THE year of the One-day International World Cup could not have gotten off to a better start for Pakistan — a victory against New Zealand, in which Pakistan hardly broke sweat in a run chase with their batters in total control. But after the first of the three ODIs, things spiralled out of control. A batting collapse in the face of spin saw the tourists level the series by winning the second ODI. New Zealand clinched the series after Glenn Phillips’ explosive knock undid Pakistan in the decider. With the World Cup in India this year, the 2-1 series reverse has raised questions about the side, which continues to struggle in ODIs and Tests. Victory in the first match had raised hopes — Pakistan could have gone to the top of ODI rankings with a series sweep, but the results that followed show that Babar Azam’s men have work to do ahead of the World Cup — although, in its defence, the team continues to be without pace spearhead Shaheen Shah Afridi and ace leg-spinner and vice-captain Shadab Khan.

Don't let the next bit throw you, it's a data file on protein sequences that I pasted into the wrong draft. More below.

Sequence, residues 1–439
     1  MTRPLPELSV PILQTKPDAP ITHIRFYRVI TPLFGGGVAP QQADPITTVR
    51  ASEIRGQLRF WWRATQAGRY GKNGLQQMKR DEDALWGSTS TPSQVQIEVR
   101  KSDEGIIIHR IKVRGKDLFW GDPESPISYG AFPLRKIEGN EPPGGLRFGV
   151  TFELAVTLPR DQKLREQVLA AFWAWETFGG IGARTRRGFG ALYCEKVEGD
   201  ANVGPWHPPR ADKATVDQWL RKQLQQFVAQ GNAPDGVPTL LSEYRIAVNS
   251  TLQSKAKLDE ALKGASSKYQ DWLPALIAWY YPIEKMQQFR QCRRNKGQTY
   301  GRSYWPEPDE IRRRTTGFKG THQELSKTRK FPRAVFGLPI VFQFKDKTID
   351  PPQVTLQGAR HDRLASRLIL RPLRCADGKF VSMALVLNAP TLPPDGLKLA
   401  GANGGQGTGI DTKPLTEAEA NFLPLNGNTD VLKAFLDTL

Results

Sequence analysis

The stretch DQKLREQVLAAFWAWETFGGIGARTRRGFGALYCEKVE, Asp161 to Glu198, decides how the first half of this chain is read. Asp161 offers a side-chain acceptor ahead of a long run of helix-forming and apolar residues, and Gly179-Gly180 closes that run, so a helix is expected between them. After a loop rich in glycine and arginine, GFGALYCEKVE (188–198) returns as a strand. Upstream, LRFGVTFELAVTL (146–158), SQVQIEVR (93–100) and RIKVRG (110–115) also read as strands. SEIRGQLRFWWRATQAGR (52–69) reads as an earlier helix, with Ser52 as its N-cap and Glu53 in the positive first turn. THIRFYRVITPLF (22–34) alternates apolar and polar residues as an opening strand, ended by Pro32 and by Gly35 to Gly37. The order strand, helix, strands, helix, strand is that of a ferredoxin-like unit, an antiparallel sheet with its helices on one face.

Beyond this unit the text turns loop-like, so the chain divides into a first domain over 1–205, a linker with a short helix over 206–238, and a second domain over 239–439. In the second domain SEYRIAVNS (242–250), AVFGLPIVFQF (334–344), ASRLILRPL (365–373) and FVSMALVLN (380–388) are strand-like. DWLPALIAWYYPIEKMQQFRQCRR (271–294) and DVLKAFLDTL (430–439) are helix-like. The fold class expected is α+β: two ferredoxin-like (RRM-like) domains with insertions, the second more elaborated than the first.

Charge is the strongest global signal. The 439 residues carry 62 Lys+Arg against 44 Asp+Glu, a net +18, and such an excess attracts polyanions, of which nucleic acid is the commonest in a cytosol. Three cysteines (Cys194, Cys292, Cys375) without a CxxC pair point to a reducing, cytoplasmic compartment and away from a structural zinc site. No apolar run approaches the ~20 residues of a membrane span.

Shadab’s absence meant that recalled batter Shan Masood, who had last played an ODI in 2019, was elevated to vice-captaincy by the interim set-up led by Najam Sethi that is managing PCB’s affairs — a baffling decision considering that T20 vice-captain Rizwan was in the ODI squad. Shan didn’t make the playing XI in the opening two games; when he got his chance in the third, the opener fell without scoring. Still, Pakistan posted 280 thanks to Fakhar Zaman’s century. Phillips, though, snatched the game away from Pakistan, intensifying scrutiny of star batter Babar’s all-format captaincy. The PCB is to rule on that in March. A change in the team’s leadership, though, could result in a showdown between PCB and the players, most of whom are loyal to Babar. With the World Cup so near, Pakistan must ask themselves why they let matches slip from winning positions.
Published in Dawn, January 15th, 2023